happypersonThree and a half months of daily fine tuning my antennae for something happy has made me think a little differently about what makes me happy. And what role does happiness play in our lives. Especially the small bits of joy that really are always right there in front of us. Like stones on the beach. You can walk right over them, focusing instead on the surf or the gulls or a dog romping or a kite…

But what happens when you start scanning the sand for just the right rock? You find it. But you keep looking, don’t you? And then you find another. And another. And maybe you hold on to only one just-the-right rock at a time. Or maybe you slip one or two into your pocket. And they sit on top of your dresser or in a drawer in the kitchen. Or they gather in a giant vase on the living room floor. (The one next to the even bigger vase full of wine corks.) Why? Because they simply remind you that the beach exists, even when you’re not on it.

So it is with the happy. It can’t make the unhappy things in life go away. I knew that. But I may have discovered that the reverse is also true. It’s not a zero-sum game. We can still find some good stuff, even in the midst of the biggest shit storm. It’s still there.

We just have to remind ourselves to look for it. And that’s what #100happydays taught me to do. Look for it. Acknowledge it. Appreciate it. Own it. So, it’s been a great little exercise. Even – especially – for this unapologetic cynic.

And now, back to the shit storm! But I’ll post some happy here and there. People seem to like that.

Go figure.

Day 100 #100happydays

 


The End (so far)

Illegitimum Non Carborundum

Harvard bannerOne of the more interesting things about the Grant Study is that it exists at all. This longitudinal study followed hundreds of Harvard men though 75 years of life – beginning in 1938. That alone is quite an accomplishment. But the study aimed higher. It wants to know (and dares to tell us): What makes us happy?

The Business Insider synopsis (link below) has a link to a lengthy article in The Atlantic from 2009, which goes spelunking into the caverns of data collected in this study. (I haven’t read the longer article yet. If there are moral or ethical land mines ahead, well, proceed at your own risk.)

Of course, from our oh so highly evolved vantage point 75 years later, the very premise of this study does seem a bit quaint – if not ridiculously condescending. Let’s compromise there and agree to call it somewhat limited in scope.

The only people qualified to be part of this study were men (presumably white) born c. 1920 who entered Harvard College (so, sufficiently educated and wealthy) in the late 1930s. They got their start in life just after the end of WWI and found themselves at Harvard just before the outbreak of WWII. They survived the deprivations of Prohibition and their fortunes had survived The Crash. All in all, they’d had a fairly cushy berth on the way to participating in the Grant Study. (A soupcon of context: JFK was just two years ahead of these Harvard plebes.)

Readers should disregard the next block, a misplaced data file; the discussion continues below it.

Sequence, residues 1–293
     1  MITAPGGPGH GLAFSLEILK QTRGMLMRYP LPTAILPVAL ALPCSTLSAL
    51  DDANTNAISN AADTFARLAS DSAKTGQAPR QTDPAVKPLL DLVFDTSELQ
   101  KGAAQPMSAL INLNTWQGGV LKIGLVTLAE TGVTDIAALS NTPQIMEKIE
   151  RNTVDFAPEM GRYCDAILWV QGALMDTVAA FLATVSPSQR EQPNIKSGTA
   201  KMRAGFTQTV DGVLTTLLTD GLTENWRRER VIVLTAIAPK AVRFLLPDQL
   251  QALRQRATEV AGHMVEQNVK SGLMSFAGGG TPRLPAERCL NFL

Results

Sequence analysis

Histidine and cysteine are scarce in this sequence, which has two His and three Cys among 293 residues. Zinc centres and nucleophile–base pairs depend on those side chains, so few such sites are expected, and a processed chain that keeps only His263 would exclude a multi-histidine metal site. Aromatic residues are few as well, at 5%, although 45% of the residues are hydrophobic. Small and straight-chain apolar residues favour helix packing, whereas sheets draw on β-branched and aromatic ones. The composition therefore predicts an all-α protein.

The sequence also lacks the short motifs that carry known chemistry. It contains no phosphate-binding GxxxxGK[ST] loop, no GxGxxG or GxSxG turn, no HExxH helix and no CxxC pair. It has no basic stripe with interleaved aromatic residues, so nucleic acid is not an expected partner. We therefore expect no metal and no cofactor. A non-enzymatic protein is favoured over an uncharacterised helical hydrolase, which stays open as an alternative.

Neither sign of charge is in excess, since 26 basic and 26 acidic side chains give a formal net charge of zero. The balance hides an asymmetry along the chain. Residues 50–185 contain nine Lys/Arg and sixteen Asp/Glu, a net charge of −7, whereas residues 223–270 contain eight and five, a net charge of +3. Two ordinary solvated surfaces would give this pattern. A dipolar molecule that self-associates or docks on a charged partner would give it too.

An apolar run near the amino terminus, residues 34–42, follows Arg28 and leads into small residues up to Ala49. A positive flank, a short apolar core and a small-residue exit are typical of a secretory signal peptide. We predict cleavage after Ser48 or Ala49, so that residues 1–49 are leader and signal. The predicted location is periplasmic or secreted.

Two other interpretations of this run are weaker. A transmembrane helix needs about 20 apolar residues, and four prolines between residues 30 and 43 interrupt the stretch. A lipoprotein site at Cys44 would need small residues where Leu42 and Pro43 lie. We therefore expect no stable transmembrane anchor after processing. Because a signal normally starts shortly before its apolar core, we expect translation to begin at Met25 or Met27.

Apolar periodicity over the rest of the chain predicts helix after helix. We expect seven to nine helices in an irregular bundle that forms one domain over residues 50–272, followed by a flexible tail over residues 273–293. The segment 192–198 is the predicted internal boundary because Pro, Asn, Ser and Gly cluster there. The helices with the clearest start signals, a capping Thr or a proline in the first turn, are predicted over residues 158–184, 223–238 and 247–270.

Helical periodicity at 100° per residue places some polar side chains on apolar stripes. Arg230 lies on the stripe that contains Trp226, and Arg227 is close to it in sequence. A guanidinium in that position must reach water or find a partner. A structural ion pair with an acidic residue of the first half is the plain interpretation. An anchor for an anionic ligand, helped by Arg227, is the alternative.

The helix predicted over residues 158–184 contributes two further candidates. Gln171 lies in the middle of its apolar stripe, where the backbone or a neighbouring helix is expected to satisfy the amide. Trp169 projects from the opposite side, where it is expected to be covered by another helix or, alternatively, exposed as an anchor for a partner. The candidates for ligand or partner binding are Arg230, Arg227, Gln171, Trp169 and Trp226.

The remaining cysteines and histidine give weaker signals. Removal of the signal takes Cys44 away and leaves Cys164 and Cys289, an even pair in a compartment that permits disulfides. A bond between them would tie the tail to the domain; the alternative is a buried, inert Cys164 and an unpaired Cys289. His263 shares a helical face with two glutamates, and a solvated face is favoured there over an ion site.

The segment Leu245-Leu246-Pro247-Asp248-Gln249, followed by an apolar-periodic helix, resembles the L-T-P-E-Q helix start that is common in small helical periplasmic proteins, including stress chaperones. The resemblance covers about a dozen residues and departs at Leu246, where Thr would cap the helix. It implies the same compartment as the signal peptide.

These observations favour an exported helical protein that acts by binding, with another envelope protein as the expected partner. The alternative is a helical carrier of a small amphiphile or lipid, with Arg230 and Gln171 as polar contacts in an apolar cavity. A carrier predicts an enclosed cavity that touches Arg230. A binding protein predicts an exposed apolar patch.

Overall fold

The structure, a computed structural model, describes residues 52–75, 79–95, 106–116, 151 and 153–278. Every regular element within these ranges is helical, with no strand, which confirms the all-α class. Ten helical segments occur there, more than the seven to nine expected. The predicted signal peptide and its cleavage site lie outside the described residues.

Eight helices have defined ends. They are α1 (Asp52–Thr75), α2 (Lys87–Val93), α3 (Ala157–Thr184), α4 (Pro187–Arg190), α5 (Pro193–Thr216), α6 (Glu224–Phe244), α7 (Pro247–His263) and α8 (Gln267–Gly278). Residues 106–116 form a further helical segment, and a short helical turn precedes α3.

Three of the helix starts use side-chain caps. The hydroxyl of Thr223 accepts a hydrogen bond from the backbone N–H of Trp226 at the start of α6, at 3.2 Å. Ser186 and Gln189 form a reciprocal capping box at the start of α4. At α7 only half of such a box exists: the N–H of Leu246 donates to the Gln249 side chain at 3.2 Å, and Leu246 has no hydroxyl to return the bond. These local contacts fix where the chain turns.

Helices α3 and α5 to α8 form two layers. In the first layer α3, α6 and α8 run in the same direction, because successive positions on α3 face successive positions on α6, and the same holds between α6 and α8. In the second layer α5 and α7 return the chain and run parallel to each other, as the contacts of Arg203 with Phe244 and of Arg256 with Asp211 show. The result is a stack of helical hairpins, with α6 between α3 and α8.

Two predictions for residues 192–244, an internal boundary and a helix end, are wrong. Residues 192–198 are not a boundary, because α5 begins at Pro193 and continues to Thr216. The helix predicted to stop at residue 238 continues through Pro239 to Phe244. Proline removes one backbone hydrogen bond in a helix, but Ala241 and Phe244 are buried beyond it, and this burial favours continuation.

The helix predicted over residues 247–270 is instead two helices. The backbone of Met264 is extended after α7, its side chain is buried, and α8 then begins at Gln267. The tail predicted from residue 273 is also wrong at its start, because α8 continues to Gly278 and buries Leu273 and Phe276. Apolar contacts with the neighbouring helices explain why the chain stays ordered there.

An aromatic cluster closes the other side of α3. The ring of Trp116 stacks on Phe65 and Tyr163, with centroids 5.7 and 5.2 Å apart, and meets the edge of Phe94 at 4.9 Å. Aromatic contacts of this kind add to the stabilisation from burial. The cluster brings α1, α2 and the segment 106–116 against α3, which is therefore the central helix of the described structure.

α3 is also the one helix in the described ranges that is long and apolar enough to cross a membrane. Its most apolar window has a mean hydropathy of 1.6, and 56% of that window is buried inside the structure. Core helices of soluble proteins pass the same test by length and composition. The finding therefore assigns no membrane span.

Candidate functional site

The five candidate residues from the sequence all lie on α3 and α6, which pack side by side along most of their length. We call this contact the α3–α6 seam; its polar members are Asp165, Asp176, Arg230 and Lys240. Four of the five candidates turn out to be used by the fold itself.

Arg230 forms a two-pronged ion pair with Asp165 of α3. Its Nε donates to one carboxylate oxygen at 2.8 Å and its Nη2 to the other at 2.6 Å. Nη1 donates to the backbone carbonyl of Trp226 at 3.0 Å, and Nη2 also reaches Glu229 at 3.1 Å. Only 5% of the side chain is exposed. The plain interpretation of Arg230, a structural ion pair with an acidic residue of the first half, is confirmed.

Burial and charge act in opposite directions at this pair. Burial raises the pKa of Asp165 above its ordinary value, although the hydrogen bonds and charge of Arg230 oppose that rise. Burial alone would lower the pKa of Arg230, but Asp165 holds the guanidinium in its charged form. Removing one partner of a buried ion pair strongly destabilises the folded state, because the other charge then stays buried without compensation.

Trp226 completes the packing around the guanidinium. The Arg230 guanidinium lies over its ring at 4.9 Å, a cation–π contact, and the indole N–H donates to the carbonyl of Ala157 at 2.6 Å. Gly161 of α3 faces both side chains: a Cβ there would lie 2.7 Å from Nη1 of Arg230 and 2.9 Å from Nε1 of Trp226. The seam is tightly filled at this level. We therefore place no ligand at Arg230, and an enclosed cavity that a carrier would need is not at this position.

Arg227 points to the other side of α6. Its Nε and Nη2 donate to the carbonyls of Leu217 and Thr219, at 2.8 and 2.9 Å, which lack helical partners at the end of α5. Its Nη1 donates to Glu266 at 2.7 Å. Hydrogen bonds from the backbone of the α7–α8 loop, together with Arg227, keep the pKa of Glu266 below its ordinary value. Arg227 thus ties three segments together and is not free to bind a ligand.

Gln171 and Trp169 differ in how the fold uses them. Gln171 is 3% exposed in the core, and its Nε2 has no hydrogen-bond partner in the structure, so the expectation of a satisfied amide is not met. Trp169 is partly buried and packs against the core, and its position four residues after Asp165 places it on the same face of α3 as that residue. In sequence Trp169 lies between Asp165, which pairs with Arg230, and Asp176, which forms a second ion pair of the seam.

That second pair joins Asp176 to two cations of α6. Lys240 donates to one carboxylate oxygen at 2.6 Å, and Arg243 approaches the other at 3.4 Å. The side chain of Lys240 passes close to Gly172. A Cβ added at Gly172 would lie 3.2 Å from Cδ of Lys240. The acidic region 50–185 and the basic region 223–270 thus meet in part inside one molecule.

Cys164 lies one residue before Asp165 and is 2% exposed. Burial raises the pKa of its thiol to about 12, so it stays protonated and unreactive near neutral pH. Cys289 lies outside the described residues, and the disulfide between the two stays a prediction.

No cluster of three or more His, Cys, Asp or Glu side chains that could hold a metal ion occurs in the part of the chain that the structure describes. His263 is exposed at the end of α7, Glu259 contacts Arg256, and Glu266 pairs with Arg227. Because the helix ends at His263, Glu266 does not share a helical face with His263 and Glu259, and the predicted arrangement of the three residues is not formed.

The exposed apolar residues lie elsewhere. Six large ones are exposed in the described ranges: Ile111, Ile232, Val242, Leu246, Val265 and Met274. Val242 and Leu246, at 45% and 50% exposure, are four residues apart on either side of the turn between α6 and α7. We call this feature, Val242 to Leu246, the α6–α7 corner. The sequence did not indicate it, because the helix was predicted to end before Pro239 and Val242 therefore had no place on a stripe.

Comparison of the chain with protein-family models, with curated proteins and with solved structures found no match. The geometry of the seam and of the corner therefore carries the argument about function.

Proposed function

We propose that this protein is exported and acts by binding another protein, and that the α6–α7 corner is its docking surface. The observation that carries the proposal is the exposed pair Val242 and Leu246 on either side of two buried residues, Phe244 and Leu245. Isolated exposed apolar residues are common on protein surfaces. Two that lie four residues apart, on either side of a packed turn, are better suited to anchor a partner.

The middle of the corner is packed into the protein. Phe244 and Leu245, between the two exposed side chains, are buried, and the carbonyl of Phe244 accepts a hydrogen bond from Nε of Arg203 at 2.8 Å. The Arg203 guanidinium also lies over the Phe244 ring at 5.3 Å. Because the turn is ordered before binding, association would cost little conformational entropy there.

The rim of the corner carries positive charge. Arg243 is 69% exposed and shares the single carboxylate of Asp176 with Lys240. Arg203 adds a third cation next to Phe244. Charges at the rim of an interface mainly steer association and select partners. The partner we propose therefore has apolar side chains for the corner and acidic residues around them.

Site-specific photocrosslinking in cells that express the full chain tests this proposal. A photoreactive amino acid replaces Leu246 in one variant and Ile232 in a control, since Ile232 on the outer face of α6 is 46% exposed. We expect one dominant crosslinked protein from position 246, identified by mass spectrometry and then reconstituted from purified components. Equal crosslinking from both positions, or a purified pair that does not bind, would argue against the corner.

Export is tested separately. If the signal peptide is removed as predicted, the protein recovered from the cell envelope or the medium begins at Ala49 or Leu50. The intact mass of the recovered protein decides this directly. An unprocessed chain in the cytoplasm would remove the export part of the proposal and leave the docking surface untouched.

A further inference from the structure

But, it’s where each man went from there, what he went on to achieve, and how much fulfillment he reported over the years that informs the study and its conclusions. One drank himself to death before the ink was dry on his sheepskin. One said he ‘wouldn’t change a thing’ after 60 years of marriage. And everything in between. Or, as much of “everything” as this plaid-clad cohort is likely to have experienced in 20th century American life. Is there a formula for happiness? Can two people even agree on a definition of happiness? And might we surmise some natural divergence among the post-graduate experiences available to a man from Yale or Princeton, or – heaven forfend – Berkeley?smileyface

George Valliant, who piloted the study for three decades, has succinctly stated the study’s findings: “Happiness is love. Full stop.”

As for the fairer sex… this study would advise her to marry a liberal Harvard man who loves moderation and his mother – and then hang on tight. Your reward, apparently, comes in your seventh decade and beyond. Unless you’d rather be shopping, in which case you should choose a conservative Harvard man.

Grant Study Reveals What Makes Us Happy – Business Insider.

Extra Credit
One GET OUT OF DETENTION card goes to the first person who correctly identifies (in Comments) the source and meaning of the title of this post. (Unless you’re Kip Meyer, Class of ’84.)